Nevada residents who have been left out of a family member’s will and those making their will may be interested to learn whether a family member can contest a will if they are not included in it. The basic answer is yes. It is possible for a family member to contest the validity of a will.
While that may be true, these challenges do not happen often, and they are rarely successful. When wills are challenged, individuals in the family are usually not surprised; the individual contesting the validity of the will is typically someone who everyone expected to do so.
When it comes to estate planning, attorneys are almost always going to plan for the will to be challenged. Their job is to follow normal formalities and take needed precautions in order to make it unlikely that a challenge to a will succeeds. One estate planning technique that can defend against a will being challenged is the in terrorem clause. This provision makes it so that if a beneficiary challenges the validity of the will, they will walk away with nothing. It is a provision that can protect the will.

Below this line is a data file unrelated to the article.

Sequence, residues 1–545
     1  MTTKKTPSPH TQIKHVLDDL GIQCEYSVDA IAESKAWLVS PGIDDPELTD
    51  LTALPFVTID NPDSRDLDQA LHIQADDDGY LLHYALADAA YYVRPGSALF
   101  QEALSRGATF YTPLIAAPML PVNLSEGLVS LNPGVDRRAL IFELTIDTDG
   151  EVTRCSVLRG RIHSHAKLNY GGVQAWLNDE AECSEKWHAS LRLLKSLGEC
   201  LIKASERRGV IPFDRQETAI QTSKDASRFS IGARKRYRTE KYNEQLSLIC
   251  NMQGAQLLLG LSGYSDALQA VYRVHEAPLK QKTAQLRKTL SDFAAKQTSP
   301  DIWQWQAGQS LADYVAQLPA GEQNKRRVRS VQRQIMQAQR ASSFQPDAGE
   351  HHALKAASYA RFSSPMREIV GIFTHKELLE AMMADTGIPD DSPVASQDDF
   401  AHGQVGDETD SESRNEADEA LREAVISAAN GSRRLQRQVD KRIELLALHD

Most people want to be sure that their families are provided for and that their estate is handled in the way they lay out in their will. A person who feels worried that their will could be contested may wish to speak with an attorney. The attorney may discuss the situation with the client and take additional steps to protect the will. The attorney may be able to help the client draw up appropriate paperwork, include specific clauses that apply to estate planning and make sure that all paperwork is legally binding.